copy after Kalates, Villa di Cicero, Pompeii.
National Archaeological Museum, Naples


Similar to this was Euboulides' ecstatic figure of the Mulier Admirans. Euboulides' signature is scratched on the base of a beaker discovered in the founding pits at the foot of the Acropolis at Rhodes. These pits, with thin brick cladding and efficient drainage channels for the wax, were used to create works up to three metres (nine feet) tall. The statue of Tyche, Good Fortune, by Lysippos" son Eutychides (c.300bc). was commissioned by Seleucus I to symbolize Antioch and was even more complicated than the Meditating Herakles, another colossus from Tarentum.

A local style asserted itself in Pergamum after 282bc. when its ruler Philetaerus, achieved political independence. This was characterized by eccentric shapes. irregular gestures, and figures that had no central anchorage and seemed to embrace the void. Space became a challenge, an opportunity to capture the onlooker. Work produced during the evolutionary period. which elsewhere preceded the liberation of sculpture from the earlier "Mannerist" school, was concentrated at the court of Eumenes I (263-241bc) by exponents of the two main schools of the classical era - the Athenian and the Sikyonian.

Horseman, bronze, Cape Artemision

The sculptors Phyromachos, Niceratos, and Xenocrates were responsible for the rapid maturity of Pergamene sculpture and for creating the "Baroque" style destined to achieve universal and lasting success. Advances in knowledge of anatomy were demonstrated in the powerful modelling of musculature and bones, exemplified by the Artemision Horse, the Artetnision Jockey, and the Fighting Man of Delos. The sculptor Epigonos gave new prominence to the peripheral in his series of statues known as the Dying Gauls (c.235bc), whose figures seem to challenge the boundary between art and life by invading the space occupied by the onlooker. Signatures found on the base of statues in Rhodes distinguish the designers of the base from the modellers, revealing a specialization which encouraged mass production. Barter was replaced by credit and a banking System, which increased the flow of goods, now represented by numerical amounts that everyone understood. Cities were now being planned on a grand scale, and sculptors favoured a style in which figures were set against a deep background, with perspective used to portray distant objects. For the artists of Rhodes, space was inseparable from distance. The background was no longer the city, such as Pergamum, with its porticoed squares, but rocks, caves, water, greenery, and sky. In the Stoic philosophy, morality was the "fruit of a garden" and nymphaeums (grottos, temples, or sanctuaries) became filled with images conducive to meditation, involving punishments meted out by the gods to re-establish the divine equilibrium and symbolic representations of human courage. In Epigonos' disturbingly powerful Torment of Dirce, the subject lies with her head turned away, gazing into the terrifying eye of the bull rearing over her. Sculptural groups became increasingly complicated and less and less linked to everyday life, almost as though they were governed by the most primitive laws of mankind. To understand them, the viewer must recapture the primeval fascination that the artist drew on in order to endow each of his creations with their own strength and impact. The dense fog that Menander tried to pierce with his gaze, the darkness that concealed the flight of Ulysses and Diomedes, the spring welling up at the feet of Dirce, and the ancestral cavern of the Cyclops ail create different excitements and fears in the viewer as he or she contemplates the work. Similarly, the Palladium torn from its shrine, the thyrsus (staff) of Dirce, the hapless bacchant abandoned on the rock; the banquet cup bloodied by the Cyclops and thrown on the ground - each image evokes previously buried emotions and sensations. The marble statue of the Victory in Samothrace and the Altar of Zeus (189-182bc) erected in Pergamum commemorate the victories at Rhodes, Pergamum, and of their Roman allies over Antiochus III of Syria. The giants writhe alongside the steps of the altar in a magnificent frieze depicting a battle between gods and giants.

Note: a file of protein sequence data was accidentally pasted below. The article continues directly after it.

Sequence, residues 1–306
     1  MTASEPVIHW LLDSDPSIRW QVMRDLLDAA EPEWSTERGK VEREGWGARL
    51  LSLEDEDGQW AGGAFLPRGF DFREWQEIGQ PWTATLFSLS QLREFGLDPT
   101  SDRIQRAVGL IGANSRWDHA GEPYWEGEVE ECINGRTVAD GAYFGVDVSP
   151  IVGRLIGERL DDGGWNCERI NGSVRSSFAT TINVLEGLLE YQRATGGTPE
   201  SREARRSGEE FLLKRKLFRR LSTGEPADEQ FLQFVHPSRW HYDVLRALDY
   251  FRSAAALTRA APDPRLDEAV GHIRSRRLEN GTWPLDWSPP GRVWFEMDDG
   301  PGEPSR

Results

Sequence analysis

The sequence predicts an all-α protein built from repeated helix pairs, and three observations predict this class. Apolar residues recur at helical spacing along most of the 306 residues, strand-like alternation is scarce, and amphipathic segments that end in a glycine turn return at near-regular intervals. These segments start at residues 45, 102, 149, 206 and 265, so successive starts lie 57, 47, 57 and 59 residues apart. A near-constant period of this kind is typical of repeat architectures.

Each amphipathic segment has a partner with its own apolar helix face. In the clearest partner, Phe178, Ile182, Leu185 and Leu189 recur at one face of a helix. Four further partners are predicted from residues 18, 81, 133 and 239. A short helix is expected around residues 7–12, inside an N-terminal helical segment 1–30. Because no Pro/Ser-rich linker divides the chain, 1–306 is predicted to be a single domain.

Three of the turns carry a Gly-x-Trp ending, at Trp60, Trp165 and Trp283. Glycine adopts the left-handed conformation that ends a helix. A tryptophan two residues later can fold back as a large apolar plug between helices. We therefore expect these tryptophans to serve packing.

Epygonos, Dying Gaul,
Roman copy.
Capitoline Museum, Rome


The Victtory of Samothrace.
Musee du Louvre, Paris

Drunkenness of Polyphemus,
fragmentary Roman sculptors Agesander, Athenodoros, and Polidoro
from the Grotto of tiberius at Sperlonga, first century bc.

National Archaeological Museum, Sperlonga, Italy

Torment of Dirce,
fragmentary Roman copy of Rhodian original,